The plastic waste problem represents one of the most significant environmental challenges we face today. Despite this, many solutions have been ‘quick fix’ in nature, often focussing on eradicating plastic completely or implementing relatively small, albeit valuable and needed changes, when compared to the whole problem.
Whilst these solutions are well-meaning, they lack the nuanced insight into the wide-ranging use of plastic in our everyday lives - such as healthcare, construction, and automotive industries - and the breadth of positive and negative impacts associated with this. Therefore, the Birmingham Plastics Network is leading a Policy Commission to support policy strategy development and decisions in the UK with evidence-based critical thinking. We outline three areas of investigation below.
Restricting the use of harmful chemicals is an essential step in a green transition but also means a significant administrative and financial burden for UK regulators and requires sufficient consideration of how to support businesses to implement them best.Professors Andrew Dove, Fern Elsdon-Baker, and Stefan Krause - University of Birmingham
Firstly, ongoing chemical reforms that reduce our reliance on fossil-based petrochemicals will have a significant impact on the plastics industry, but recent news about the potential delay to chemical and microplastic reforms has created a mixed response in the chemical sector. On the one hand, this area needs significant improvement to make a more targeted and efficient approach; conversely, it is difficult to see a simple solution that satisfies both environmental and economic requirements. Restricting the use of harmful chemicals is an essential step in a green transition but also means a significant administrative and financial burden for UK regulators and requires sufficient consideration of how to support businesses to implement them best.
Secondly, policy and regulation discussions are not limited to plastics at their source. This week is Recycle Week, which has provided the Birmingham Plastics Network with an opportunity to reflect on recycling policy. Whilst it remains clear that consistency in collections at home and in industry is a significant puzzle piece in working towards a greener, circular future, an answer to unified collection processes across all UK constituencies still needs to be discovered. More than anything, there is a need for policy certainty for councils and industries to invest in the right technologies and solutions and achieve long-term sustainability goals.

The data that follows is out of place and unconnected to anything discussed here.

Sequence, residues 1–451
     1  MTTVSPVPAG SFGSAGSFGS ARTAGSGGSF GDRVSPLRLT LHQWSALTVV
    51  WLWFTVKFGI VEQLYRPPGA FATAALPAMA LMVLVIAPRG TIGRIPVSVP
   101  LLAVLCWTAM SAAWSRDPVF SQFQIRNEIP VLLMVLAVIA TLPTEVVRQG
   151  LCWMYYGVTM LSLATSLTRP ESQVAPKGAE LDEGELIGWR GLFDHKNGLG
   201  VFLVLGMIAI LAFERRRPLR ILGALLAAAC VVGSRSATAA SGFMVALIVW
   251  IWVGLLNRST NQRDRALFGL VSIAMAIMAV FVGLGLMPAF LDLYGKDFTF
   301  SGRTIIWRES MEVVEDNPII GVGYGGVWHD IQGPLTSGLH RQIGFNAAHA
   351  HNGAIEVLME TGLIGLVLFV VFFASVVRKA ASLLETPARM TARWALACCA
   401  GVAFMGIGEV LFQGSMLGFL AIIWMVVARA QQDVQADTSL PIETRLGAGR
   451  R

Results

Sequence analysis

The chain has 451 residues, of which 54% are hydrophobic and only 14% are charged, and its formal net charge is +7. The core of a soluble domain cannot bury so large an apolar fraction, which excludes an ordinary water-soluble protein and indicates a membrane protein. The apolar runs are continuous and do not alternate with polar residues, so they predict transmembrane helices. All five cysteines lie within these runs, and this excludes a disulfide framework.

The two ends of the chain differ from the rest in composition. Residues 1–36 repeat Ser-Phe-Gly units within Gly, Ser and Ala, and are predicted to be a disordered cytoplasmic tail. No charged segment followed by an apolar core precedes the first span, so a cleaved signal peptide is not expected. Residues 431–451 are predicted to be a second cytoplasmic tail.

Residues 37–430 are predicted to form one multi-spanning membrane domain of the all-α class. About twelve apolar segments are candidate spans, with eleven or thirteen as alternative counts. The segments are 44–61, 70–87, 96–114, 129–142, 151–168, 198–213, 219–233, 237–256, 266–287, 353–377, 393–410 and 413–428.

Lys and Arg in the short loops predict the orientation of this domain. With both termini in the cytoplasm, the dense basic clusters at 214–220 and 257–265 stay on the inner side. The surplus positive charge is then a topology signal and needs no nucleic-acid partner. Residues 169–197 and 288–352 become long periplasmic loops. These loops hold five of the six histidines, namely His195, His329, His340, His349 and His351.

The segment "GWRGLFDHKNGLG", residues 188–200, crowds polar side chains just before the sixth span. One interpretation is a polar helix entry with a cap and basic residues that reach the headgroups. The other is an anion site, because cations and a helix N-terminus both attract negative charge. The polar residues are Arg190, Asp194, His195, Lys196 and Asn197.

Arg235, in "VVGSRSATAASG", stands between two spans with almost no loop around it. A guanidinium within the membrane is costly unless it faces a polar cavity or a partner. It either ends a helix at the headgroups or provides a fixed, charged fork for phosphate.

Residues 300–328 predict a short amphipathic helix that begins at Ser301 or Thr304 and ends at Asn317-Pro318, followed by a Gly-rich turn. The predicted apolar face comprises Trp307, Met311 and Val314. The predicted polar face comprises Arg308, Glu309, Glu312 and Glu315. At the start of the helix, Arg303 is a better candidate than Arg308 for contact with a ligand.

Thirdly, the picture is even more opaque for biodegradable plastics, with the term biodegradability often misunderstood and requiring clearer definition. In our surveys conducted by YouGov with the public (2022), [i] over 50% believe that plastic labelled as ‘biodegradable’ should take less than one year to break down. With no policy or legislation limiting the use of this terminology, the current picture is much broader than this and claims of biodegradability are likely to be misleading for most consumers.
At the Birmingham Plastics Network, we know that we cannot work alone to achieve the true systemic change required to resolve the plastic waste problem in its entire lifecycle, which spans an even wider set of topics than those areas listed above. Therefore, we are prioritising collaborative working methods, such as our Policy Commission - working with partners across the plastics lifecycle to gather evidence to inform recommendations to the UK government. These recommendations will consider environmental, social, economic and political factors to ensure that future policy is well considered, evidence-based, and avoids unintended consequences.
A Policy Commission is a tried and tested method to achieving systemic change within and beyond Government through an evidence-based approach, and the University of Birmingham has a track record of delivering them successfully. Using our knowledge and input of various stakeholders from different backgrounds, we have the leverage to influence plastics policy through a systemic lens, creating impact for many beneficiaries and not just one part of society.
The Policy Commission is underway, and evidence-giving sessions have begun with a wide pool of stakeholders. A launch event is due to be held in early 2024 to share the findings and recommendations of the Commission.
[i] Bespoke surveys designed and carried out in partnership between University of Birmingham and YouGov Plc. Public survey: Total sample size = 2942 adults. Fieldwork was undertaken between 25/03/22 – and 02/04/22, and carried out online. The figures have been weighted and are representative of all UK adults (aged 18+)